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Wilms tumor suppressor WTX negatively regulates WNT/beta-catenin signaling.

Aberrant WNT signal transduction is involved in many diseases. In colorectal cancer and melanoma, mutational disruption of proteins involved in the degradation of beta-catenin, the key effector of the WNT signaling pathway, results in stabilization of beta-catenin and, in turn, activation of transcription. We have used tandem-affinity protein purification and mass spectrometry to define the protein interaction network of the beta-catenin destruction complex. This assay revealed that WTX, a protein encoded by a gene mutated in Wilms tumors, forms a complex with beta-catenin, AXIN1, beta-TrCP2 (beta-transducin repeat-containing protein 2), and APC (adenomatous polyposis coli). Functional analyses in cultured cells, Xenopus, and zebrafish demonstrate that WTX promotes beta-catenin ubiquitination and degradation, which antagonize WNT/beta-catenin signaling. These data provide a possible mechanistic explanation for the tumor suppressor activity of WTX.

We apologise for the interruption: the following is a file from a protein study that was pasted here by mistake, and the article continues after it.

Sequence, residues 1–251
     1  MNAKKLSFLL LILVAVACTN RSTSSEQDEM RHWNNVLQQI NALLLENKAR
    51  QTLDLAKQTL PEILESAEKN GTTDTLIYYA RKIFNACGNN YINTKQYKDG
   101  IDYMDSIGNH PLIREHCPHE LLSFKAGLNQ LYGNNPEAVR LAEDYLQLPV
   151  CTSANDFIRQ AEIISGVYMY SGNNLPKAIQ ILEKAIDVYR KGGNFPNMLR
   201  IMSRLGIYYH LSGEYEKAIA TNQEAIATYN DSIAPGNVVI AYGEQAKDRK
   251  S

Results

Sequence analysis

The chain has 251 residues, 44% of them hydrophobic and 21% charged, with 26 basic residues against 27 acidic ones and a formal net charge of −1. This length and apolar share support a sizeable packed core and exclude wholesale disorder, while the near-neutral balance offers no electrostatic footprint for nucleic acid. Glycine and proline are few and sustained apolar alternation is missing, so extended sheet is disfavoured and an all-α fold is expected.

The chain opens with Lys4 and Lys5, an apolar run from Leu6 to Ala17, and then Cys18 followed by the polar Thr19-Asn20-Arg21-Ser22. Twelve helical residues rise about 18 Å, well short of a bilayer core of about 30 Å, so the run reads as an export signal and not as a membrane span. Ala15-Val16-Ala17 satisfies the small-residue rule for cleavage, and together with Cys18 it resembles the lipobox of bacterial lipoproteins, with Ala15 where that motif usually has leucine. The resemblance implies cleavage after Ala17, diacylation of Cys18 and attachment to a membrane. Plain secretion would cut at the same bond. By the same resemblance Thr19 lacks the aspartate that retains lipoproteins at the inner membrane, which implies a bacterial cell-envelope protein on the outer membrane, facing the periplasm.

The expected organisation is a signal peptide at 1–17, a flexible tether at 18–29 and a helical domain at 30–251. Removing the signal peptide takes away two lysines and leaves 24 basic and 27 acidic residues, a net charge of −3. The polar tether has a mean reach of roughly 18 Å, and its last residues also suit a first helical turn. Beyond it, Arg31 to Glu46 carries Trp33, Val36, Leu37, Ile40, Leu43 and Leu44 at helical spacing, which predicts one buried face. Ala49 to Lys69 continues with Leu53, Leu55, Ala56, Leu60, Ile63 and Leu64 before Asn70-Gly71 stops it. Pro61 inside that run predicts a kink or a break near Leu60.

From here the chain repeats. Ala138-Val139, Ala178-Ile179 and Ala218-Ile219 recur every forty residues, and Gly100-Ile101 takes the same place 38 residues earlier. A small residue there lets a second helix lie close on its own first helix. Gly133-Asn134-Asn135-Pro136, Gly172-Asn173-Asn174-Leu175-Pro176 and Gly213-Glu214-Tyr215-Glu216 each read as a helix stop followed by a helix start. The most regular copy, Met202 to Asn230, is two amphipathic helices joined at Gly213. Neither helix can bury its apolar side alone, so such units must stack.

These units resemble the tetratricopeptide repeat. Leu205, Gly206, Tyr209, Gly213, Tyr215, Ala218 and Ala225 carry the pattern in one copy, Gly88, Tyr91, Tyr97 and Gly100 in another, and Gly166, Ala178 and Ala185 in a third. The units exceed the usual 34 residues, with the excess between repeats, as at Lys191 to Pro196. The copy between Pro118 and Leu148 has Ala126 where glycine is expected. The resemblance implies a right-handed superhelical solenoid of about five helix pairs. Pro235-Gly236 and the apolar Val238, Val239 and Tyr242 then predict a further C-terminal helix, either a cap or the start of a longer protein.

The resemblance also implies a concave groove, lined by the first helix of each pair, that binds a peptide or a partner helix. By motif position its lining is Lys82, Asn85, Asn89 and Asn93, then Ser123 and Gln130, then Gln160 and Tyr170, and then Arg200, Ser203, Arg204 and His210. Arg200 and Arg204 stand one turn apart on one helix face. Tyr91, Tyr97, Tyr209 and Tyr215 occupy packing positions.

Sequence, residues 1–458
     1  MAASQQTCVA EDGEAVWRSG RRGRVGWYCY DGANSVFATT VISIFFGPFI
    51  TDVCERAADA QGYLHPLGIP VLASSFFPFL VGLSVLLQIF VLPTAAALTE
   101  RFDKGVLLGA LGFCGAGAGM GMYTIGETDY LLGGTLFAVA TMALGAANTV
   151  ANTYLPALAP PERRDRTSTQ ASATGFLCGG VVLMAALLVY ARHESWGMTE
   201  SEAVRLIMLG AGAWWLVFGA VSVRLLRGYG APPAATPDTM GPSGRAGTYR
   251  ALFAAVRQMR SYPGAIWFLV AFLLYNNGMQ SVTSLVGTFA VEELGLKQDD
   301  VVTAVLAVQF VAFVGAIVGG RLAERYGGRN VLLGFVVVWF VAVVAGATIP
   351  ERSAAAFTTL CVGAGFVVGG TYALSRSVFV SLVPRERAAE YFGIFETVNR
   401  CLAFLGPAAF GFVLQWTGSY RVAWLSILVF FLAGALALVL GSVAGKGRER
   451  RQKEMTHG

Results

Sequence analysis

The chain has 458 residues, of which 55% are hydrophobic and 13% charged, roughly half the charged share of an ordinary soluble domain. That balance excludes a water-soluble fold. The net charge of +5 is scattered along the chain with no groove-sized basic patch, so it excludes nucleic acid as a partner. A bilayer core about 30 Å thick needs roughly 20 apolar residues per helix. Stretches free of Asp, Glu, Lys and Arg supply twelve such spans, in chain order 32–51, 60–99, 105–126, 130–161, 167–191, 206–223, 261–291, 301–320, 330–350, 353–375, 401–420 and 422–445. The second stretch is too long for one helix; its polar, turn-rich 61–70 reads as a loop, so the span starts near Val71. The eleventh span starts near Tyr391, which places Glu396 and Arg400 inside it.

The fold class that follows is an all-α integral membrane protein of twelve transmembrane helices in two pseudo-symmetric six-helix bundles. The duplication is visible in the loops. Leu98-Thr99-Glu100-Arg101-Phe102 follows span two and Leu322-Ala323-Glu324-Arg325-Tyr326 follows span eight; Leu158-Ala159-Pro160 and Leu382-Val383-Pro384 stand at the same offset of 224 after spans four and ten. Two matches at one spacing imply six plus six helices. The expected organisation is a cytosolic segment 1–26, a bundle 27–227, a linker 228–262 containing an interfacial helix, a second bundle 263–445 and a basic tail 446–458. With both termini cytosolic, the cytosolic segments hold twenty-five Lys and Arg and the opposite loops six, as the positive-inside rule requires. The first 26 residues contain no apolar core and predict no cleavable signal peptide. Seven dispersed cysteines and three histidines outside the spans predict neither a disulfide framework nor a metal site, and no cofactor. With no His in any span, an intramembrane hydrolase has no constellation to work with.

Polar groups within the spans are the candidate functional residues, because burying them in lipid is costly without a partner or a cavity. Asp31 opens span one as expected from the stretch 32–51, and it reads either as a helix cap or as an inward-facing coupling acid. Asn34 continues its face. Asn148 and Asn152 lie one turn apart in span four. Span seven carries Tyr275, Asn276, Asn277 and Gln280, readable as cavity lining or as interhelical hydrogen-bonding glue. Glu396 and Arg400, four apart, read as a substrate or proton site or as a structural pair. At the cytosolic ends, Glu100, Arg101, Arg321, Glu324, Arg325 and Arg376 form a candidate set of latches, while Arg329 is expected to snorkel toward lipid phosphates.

Pubmed ID: 17510365


  • Major MB
  • Camp ND
  • Berndt JD
  • Yi X
  • Goldenberg SJ
  • Hubbert C
  • Biechele TL
  • Gingras AC
  • Zheng N
  • Maccoss MJ
  • Angers S
  • Moon RT


Science (New York, N.Y.)

Publication Data

May 18, 2007

Associated Grants


Mesh Terms

  • Adaptor Proteins, Signal Transducing
  • Adenomatous Polyposis Coli Protein
  • Animals
  • Axin Protein
  • Cell Line
  • Cell Line, Tumor
  • Cell Nucleus
  • Cytoplasm
  • Genes, Wilms Tumor
  • Humans
  • Kidney Neoplasms
  • Protein Binding
  • Protein Interaction Mapping
  • Proteomics
  • RNA Interference
  • Recombinant Fusion Proteins
  • Repressor Proteins
  • Signal Transduction
  • Transduction, Genetic
  • Tumor Suppressor Proteins
  • Ubiquitin
  • Ubiquitin-Protein Ligases
  • Wilms Tumor
  • Wnt Proteins
  • Xenopus Proteins
  • Zebrafish
  • beta Catenin
  • beta-Transducin Repeat-Containing Proteins